Picture of Margarethe Cammermeyer


In addition, several articles pointed out that homosexuals can certainly be exemplary and good soldiers. The picture above shows Margarethe Cammermeyer who served in the US military for 27 years and had the rank of a colonel, when she was discharged for being a lesbian. Throughout her military career, Cammermeyer was honored for her exemplary work as a military nurse and received several medals. When Cammermeyer went public with her story, the media started also to slowly incorporate the stories of lesbians in the military in their coverage on the issue. For a long time, the coverage only focused on gay men.

I thought it was very interesting to find out more about the debate on lifting the ban of homosexuals in the military. Conservative and liberal newspapers depicted the stories in two very distinguished ways. I was a little bit shocked when I noticed how hostile several conservative newspapers were towards homosexuals. They used lots of stereotype sin their articles and depicted homosexuals as a threat to society and national security. As mentioned above, one article even mentions that homosexuality is a choice and that they should be “healed” from it.  In addition, I was also very sad to find out how many great and exemplary soldiers, such as Margarethe Cammermeyer, were discharged from the military because they talked about their sexual orientation.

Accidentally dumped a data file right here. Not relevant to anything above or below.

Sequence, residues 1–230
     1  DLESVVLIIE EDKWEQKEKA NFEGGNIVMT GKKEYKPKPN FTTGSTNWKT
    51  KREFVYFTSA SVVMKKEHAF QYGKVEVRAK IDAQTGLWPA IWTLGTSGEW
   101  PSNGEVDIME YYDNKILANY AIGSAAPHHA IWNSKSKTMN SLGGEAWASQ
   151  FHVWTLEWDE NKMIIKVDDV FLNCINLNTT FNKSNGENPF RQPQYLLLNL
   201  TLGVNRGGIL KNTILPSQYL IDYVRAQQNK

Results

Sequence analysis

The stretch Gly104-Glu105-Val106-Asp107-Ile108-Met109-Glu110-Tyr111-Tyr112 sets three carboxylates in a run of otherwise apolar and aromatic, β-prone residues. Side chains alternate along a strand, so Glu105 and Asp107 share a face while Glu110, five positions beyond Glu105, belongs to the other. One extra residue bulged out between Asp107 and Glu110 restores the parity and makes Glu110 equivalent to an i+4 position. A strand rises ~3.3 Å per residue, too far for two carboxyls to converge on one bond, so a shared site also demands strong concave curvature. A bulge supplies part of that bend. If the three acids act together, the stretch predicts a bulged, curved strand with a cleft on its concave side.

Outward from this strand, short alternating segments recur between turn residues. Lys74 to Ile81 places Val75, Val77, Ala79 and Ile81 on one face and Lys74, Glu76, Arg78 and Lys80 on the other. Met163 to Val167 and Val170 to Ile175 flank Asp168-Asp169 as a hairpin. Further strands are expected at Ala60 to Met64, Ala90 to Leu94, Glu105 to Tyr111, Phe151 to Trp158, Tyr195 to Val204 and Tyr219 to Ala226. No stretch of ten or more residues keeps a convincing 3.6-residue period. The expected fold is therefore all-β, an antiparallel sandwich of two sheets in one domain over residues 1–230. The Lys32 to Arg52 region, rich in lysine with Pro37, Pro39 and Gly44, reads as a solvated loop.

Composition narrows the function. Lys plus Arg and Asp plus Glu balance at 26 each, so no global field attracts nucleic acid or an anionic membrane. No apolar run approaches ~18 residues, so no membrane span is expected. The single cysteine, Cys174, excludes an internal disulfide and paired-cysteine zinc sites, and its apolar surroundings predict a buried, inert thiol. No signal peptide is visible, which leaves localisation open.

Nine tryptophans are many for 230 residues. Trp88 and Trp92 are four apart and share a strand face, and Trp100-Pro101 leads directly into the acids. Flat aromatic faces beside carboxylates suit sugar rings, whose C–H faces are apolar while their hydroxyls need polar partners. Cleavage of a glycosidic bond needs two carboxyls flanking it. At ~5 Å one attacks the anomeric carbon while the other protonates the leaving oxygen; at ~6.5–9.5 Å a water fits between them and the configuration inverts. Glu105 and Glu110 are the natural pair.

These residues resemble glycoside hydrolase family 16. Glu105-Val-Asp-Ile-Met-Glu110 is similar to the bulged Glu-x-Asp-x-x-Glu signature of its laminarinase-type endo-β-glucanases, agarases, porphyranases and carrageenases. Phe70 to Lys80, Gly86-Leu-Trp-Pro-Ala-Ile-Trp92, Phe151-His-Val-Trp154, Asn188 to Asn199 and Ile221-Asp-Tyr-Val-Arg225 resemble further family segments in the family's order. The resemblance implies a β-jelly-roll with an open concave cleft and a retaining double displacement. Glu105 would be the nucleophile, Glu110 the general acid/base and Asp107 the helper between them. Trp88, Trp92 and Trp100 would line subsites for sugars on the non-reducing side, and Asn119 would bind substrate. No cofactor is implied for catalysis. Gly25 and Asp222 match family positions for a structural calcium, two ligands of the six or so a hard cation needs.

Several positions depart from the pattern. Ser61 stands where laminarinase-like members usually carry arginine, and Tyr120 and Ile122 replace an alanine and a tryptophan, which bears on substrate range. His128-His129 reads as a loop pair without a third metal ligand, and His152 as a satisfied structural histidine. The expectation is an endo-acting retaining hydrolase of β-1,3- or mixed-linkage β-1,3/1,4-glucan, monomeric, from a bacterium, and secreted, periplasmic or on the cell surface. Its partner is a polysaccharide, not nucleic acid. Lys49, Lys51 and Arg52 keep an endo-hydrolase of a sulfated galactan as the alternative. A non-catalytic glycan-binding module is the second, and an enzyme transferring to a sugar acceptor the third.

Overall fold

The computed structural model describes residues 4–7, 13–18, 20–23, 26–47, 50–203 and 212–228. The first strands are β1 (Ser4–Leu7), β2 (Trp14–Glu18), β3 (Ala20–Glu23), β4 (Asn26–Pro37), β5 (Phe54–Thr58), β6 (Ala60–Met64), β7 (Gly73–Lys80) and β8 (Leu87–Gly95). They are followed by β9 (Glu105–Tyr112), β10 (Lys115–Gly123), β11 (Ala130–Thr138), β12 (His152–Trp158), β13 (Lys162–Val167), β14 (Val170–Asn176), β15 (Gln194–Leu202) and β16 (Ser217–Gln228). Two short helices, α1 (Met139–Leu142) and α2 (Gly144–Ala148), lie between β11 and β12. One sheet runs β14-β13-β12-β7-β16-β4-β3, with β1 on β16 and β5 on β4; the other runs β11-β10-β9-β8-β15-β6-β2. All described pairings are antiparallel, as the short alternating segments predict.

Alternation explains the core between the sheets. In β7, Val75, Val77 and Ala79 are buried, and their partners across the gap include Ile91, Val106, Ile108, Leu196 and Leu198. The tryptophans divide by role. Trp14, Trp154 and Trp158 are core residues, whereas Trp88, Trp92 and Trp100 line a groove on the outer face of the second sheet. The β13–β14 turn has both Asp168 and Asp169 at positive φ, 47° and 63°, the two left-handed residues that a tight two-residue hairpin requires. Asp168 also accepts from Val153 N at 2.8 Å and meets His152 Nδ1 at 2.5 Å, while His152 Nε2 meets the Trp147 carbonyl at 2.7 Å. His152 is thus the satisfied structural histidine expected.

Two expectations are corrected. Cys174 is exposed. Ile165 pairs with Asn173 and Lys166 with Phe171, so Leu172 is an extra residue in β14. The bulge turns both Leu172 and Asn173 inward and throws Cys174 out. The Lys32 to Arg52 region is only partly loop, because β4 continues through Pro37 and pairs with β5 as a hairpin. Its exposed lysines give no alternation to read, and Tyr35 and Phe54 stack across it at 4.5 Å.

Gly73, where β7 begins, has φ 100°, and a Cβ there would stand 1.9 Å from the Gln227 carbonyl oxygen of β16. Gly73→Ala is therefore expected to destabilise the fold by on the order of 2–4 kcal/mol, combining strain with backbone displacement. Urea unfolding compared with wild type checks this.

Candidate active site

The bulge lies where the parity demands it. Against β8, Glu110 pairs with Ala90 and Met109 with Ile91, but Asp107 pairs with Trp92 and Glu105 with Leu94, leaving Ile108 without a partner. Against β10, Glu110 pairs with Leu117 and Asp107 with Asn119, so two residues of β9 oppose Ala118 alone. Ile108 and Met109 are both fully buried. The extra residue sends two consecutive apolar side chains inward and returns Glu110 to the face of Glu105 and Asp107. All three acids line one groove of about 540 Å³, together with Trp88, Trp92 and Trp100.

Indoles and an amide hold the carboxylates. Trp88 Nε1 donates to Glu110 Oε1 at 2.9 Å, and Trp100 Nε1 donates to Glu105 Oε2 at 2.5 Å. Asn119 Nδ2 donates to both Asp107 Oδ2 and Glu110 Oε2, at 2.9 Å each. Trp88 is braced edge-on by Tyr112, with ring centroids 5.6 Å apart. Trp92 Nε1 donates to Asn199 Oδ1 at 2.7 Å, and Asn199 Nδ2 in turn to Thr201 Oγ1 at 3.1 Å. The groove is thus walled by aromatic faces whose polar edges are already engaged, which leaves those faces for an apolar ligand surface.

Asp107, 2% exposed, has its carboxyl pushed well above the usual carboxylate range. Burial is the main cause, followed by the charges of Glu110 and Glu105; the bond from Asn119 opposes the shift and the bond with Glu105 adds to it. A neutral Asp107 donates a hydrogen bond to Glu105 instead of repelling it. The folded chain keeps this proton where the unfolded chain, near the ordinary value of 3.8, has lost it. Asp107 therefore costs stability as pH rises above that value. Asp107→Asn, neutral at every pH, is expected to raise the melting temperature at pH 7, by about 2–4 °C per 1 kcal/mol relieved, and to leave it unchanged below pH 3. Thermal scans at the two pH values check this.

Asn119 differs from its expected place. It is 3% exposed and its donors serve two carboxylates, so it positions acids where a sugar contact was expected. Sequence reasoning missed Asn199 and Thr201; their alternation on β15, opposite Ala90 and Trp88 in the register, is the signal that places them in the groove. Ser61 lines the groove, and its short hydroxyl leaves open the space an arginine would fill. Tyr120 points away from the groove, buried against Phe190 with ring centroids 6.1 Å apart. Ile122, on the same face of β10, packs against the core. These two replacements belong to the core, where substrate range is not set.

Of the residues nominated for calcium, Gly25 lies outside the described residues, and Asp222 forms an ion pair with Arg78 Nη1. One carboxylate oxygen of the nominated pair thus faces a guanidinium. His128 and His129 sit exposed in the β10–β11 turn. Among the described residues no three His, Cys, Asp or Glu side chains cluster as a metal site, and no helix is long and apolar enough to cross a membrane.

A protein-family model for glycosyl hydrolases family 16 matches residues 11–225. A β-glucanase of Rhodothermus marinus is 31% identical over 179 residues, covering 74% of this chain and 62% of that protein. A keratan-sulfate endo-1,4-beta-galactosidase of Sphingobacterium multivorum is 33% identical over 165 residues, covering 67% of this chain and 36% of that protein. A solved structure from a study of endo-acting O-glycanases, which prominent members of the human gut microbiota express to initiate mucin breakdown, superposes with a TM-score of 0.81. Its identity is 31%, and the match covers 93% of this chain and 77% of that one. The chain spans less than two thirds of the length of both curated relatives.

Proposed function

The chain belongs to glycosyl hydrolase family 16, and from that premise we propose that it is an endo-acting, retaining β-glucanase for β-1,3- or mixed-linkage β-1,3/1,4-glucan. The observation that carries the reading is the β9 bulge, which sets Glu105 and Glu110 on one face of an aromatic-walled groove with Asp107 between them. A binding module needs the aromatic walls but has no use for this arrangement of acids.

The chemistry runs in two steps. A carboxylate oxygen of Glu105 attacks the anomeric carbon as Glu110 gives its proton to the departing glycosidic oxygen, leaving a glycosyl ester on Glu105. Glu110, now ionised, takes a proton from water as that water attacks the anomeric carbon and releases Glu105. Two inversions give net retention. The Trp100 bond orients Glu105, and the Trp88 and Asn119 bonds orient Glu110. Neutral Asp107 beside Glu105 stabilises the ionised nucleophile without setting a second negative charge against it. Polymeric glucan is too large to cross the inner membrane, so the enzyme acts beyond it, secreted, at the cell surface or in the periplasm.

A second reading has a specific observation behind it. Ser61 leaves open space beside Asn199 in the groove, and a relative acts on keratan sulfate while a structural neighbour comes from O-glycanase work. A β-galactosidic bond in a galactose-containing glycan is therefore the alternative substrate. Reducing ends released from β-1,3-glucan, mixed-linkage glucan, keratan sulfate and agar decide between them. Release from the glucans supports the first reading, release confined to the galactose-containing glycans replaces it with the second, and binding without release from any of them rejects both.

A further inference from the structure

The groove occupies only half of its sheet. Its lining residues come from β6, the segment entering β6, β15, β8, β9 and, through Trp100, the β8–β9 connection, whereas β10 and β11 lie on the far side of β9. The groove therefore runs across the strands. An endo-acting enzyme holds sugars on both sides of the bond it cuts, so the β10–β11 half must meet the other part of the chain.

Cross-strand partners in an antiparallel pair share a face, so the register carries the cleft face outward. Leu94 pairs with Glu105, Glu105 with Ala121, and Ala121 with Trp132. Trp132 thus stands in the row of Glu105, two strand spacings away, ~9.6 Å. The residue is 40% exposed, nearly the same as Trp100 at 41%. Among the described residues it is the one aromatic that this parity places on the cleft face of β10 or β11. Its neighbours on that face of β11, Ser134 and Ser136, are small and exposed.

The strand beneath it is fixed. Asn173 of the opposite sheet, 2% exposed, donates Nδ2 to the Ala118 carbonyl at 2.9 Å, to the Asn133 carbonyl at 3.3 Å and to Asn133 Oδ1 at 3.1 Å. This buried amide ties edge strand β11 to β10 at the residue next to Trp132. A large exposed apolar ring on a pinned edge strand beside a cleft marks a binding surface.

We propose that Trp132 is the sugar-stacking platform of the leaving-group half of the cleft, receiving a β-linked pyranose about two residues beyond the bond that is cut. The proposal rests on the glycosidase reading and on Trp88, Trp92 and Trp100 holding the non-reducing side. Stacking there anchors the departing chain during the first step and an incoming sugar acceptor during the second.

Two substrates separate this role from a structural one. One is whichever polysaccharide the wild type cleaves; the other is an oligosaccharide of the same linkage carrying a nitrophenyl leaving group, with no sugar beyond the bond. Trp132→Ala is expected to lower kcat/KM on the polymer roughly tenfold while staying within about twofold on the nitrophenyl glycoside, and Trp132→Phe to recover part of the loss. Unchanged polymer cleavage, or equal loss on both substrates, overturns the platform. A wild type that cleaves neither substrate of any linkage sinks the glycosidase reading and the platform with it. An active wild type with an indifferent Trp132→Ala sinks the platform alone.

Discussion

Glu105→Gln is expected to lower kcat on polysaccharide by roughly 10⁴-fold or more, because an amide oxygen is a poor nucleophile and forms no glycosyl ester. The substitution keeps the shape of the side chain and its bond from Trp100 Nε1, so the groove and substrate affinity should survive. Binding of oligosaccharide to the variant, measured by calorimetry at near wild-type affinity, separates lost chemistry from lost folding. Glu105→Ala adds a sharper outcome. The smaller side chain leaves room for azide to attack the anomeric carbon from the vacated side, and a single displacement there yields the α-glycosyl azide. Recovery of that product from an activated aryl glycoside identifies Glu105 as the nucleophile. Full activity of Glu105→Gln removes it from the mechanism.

For my blog post next week, I will take a closer look at the development of the DADT policy and the media coverage on the issue.


Maginnis, R. L. (1993, January 2). ChicagoTribune.com. Retrieved March 11, 2011, from http://articles.chicagotribune.com/1993-01-02/news/9304100124_1_homosexuals-gays-exodus-international

LESBIAN COLONEL REMOVED BY GUARD :Official Reluctance Attends Discharge of Army Officer in Washington State. (1992, May 29). New York Times (1923-Current file),A16.  Retrieved March 11, 2011, from ProQuest Historical Newspapers The New York Times (1851 – 2007). (Document ID: 116167305).

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“Aids Enters the News – Reporting on the ‘Gay Plague'”

(New York Times article from 1981)

In the summer of 1981, the country’s major newspapers and magazine started covering stories about a “mysterious disease” that struck especially members of the homosexual community, gay men in particular. The mysterious disease which was unknown until that time was AIDS.

Published in the New York Times on July 3, 1981.

Gay Plague“; “Started with Gays  – Mysterious Fever Now an Epidemic“; ……..”A Pneumonia that Strikes Gay Men“; ………………………”The Mysterious and Deadly Disease Called AIDS May Be the Public-Health Thrat of the Century” ……………….”A mysterious , often fatal illness is breaking out in epidemic proportions among young homosexual men” (Streitmatter, pp.50- 56).